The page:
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Indianapolis: The True Story of the Worst Sea Disaster in U.S. Naval History and the Fifty-Year Fight to Exonerate an Innocent Man
  • Date: Wednesday, August 01, 2018
  • Time: 4:00 pm
  • Location: William G. McGowan Theater, Washington, DC

Indianapolis and her crew led the WWII Pacific fleet from Pearl Harbor to the Islands of Japan and delivered the world’s first atomic bomb to the Pacific in the most highly classified naval mission of the war. Join us as journalist Lynn Vincent and historian Sara Vladic reveal the stories of the Indianapolis crew, left adrift at sea for five days, after being torpedoed by a Japanese sub, and the survivor’s fifty-year fight for justice and the exoneration of their wrongfully court martialed captain. A book signing follows the program.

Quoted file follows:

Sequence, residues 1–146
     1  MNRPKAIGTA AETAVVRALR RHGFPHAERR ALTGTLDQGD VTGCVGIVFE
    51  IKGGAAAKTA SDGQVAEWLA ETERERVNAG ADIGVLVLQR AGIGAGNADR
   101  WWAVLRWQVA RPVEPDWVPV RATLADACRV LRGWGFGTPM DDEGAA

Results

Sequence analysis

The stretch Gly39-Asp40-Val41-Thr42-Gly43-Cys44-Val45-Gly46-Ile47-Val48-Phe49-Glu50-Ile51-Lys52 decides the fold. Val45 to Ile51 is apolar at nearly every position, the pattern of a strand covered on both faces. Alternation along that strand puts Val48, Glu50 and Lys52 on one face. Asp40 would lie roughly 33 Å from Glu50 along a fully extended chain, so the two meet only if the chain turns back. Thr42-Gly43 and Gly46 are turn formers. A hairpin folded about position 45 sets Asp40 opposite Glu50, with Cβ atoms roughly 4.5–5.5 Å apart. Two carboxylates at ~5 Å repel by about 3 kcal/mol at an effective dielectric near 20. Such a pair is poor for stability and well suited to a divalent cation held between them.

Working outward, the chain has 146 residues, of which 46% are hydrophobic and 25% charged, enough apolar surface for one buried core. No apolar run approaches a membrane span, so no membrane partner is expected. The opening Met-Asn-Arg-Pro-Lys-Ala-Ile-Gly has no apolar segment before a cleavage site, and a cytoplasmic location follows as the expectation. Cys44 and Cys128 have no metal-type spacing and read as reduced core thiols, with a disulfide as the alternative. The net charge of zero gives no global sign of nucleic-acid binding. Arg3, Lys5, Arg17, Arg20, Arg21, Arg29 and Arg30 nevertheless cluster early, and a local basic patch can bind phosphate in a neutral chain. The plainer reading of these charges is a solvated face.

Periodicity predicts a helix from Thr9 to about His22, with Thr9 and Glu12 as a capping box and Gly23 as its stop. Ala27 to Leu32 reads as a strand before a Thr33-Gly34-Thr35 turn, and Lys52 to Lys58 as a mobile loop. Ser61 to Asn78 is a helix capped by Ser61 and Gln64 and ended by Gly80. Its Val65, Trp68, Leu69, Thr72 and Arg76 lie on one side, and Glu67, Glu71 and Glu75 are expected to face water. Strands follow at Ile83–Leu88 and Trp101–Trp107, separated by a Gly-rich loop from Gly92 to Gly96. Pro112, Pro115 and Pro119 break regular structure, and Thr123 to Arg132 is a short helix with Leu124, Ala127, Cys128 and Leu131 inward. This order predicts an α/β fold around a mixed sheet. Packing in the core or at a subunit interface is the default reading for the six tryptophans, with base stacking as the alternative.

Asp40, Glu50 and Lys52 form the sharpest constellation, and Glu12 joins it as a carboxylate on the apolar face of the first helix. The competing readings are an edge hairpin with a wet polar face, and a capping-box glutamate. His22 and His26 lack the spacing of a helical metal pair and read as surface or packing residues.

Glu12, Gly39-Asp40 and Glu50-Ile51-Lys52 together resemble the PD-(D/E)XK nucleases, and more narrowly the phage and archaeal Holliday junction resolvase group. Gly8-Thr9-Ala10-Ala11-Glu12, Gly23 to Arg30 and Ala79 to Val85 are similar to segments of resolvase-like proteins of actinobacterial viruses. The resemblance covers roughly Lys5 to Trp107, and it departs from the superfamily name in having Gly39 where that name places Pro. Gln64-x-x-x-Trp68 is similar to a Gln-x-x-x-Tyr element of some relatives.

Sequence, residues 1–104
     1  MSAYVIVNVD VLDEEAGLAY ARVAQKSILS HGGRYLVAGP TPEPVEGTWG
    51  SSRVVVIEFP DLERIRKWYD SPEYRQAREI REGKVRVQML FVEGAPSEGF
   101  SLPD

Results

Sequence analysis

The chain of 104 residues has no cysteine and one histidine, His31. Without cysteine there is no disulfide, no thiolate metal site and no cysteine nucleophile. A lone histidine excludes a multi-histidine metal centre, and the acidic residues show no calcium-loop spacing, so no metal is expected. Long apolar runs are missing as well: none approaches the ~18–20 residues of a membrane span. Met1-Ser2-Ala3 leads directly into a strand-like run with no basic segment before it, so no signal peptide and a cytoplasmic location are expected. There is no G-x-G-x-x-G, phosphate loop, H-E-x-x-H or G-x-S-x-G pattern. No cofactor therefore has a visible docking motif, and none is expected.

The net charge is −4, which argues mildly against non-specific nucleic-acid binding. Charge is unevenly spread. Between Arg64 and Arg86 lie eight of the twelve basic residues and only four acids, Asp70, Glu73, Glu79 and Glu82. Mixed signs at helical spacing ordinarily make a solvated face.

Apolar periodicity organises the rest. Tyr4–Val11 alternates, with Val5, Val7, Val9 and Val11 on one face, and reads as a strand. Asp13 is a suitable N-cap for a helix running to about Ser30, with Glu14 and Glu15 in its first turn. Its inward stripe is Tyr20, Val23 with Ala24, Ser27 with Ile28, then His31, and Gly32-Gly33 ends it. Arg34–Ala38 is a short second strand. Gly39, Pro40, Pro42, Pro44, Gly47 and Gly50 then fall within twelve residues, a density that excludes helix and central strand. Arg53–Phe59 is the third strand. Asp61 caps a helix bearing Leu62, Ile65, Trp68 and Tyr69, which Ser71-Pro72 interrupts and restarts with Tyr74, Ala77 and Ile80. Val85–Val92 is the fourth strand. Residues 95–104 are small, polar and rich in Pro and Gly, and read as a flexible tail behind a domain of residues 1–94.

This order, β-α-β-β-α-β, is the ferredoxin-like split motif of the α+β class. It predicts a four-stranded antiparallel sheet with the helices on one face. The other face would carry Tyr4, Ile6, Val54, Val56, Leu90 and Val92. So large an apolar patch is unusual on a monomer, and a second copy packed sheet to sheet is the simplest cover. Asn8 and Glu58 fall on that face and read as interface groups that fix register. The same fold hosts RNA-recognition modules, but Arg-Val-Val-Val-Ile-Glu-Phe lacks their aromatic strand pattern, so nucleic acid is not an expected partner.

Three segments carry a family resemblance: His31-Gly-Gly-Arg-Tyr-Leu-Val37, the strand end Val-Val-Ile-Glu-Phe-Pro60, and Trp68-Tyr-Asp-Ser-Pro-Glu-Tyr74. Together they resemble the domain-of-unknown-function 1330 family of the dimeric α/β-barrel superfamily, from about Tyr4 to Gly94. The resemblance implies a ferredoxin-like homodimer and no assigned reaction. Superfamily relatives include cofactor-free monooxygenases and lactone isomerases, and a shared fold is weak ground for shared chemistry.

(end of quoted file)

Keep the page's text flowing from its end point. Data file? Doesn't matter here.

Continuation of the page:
A book signing will follow the program. Purchase this book on the day of the event from the National Archives Store and receive a 15% discount (members get 20% off).

All public programs at the National Archives are free and streamed live online via the National Archives’ YouTube channel. Reservations are recommended; seating is on a first-come, first-served basis. The doors to the building will open 45 minutes prior to the start of the program. Use the Special Events entrance on the corner of Constitution Avenue and 7th Street, NW. Click here for more information on getting to the National Archives and parking.

Live captioning will be available online and in the William G. McGowan Theater. If you require an alternative or additional accommodation for an event (such as a downloadable transcript or a sign language interpreter), please send an email to public.program@nara.gov or call 202.357.5000 in advance.